extortive

extort

[ik-stawrt]
verb (used with object)
1.
Law.
a.
to wrest or wring (money, information, etc.) from a person by violence, intimidation, or abuse of authority; obtain by force, torture, threat, or the like.
b.
to take illegally by reason of one's office.
2.
to compel (something) of a person or thing: Her wit and intelligence extorted their admiration.

Origin:
1375–1425; late Middle English (adj.) < Latin extortus, past participle of extorquēre, equivalent to ex- ex-1 + torquēre to twist

extorter, noun
extortive, adjective
nonextortive, adjective
unextorted, adjective


1. See extract.
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World English Dictionary
extort (ɪkˈstɔːt)
 
vb
1.  to secure (money, favours, etc) by intimidation, violence, or the misuse of influence or authority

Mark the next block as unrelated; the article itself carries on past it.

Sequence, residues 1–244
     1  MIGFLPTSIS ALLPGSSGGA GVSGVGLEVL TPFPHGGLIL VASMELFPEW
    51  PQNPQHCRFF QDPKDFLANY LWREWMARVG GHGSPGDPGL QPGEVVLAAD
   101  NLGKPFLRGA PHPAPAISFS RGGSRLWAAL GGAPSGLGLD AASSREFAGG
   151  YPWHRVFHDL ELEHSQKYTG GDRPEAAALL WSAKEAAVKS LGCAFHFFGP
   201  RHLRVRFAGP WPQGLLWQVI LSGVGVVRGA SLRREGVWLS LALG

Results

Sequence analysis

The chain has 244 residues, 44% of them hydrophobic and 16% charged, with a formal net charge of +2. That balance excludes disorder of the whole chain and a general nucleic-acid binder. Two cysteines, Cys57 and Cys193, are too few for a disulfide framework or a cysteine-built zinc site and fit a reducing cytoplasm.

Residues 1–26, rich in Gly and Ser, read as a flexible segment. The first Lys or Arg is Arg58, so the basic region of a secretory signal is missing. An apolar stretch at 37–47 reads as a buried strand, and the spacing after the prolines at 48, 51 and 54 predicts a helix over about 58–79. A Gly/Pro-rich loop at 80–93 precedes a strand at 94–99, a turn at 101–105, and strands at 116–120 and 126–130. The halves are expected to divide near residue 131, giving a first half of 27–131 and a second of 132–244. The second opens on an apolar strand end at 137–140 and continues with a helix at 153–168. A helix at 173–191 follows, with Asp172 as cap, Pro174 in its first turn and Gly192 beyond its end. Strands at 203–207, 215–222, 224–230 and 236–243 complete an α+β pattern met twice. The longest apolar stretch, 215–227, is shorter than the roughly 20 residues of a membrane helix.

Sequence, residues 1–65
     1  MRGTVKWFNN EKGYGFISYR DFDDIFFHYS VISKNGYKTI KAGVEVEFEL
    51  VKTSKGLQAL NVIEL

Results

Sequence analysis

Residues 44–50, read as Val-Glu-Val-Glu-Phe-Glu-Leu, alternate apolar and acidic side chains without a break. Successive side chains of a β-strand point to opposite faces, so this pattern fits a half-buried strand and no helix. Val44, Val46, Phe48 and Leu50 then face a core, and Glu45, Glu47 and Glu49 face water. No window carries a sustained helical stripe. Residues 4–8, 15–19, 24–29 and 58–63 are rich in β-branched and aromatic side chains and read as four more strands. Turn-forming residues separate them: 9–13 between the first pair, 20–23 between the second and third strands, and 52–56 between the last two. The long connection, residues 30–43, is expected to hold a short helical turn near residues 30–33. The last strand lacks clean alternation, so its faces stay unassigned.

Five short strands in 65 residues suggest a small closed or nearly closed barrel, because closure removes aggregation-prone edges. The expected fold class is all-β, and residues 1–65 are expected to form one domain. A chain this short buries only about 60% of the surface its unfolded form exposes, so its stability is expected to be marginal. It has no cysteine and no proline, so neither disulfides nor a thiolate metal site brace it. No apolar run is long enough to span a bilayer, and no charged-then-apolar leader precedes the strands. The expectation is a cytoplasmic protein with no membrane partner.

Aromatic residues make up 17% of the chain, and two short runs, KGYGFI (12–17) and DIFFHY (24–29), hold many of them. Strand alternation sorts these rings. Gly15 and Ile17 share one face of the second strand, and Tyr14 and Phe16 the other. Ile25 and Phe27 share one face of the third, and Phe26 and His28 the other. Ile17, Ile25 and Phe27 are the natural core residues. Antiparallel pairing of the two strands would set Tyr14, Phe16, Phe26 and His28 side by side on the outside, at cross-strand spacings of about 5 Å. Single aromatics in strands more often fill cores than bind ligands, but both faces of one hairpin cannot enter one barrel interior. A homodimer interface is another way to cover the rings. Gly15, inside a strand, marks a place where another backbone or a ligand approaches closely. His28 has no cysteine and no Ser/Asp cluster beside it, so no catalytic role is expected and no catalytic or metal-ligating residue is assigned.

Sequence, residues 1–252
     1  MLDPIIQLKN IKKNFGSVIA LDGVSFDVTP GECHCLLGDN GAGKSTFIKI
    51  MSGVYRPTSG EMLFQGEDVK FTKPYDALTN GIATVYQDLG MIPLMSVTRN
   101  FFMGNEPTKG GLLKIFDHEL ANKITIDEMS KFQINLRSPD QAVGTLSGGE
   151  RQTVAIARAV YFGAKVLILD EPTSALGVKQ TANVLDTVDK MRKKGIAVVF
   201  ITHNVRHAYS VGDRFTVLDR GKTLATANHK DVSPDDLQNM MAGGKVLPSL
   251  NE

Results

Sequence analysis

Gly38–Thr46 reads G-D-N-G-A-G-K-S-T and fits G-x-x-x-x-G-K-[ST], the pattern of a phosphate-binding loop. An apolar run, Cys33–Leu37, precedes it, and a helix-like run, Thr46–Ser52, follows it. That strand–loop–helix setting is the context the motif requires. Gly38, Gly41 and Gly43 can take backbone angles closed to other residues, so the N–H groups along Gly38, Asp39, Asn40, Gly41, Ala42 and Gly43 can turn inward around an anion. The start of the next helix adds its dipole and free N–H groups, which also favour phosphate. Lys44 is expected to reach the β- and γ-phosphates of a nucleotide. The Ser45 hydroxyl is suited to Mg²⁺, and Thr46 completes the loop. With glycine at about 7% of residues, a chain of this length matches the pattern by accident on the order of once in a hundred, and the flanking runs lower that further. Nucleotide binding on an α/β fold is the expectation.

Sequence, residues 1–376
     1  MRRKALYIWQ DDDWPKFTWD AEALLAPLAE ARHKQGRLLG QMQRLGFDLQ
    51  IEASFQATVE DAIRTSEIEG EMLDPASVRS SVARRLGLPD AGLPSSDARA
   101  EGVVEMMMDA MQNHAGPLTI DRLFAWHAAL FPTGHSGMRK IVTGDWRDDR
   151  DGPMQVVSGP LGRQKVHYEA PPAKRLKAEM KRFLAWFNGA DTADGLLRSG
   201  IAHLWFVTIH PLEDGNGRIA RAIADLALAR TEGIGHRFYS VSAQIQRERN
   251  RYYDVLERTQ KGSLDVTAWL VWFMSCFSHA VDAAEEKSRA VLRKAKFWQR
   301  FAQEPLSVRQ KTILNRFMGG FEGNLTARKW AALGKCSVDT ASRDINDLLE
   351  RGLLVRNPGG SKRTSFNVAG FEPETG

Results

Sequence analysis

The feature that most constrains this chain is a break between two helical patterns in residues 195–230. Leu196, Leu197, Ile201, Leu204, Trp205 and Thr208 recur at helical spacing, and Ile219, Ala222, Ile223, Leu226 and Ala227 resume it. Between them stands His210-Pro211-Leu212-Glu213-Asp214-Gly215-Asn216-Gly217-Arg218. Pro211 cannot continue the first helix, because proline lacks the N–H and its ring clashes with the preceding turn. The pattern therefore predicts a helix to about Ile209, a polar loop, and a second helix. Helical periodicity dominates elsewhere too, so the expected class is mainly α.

2.  to obtain by importunate demands: the children extorted a promise of a trip to the zoo
3.  to overcharge for (something, esp interest on a loan)
 
[C16: from Latin extortus wrenched out, from extorquēre to wrest away, from torquēre to twist, wrench]
 
ex'torter
 
n
 
ex'tortive
 
adj

Collins English Dictionary - Complete & Unabridged 10th Edition
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Word Origin & History

extort
1520s, from L. extort-, pp. stem of extorquere (see extortion). Related: Extorted; extorting; extortionate; extortionist.
Online Etymology Dictionary, © 2010 Douglas Harper
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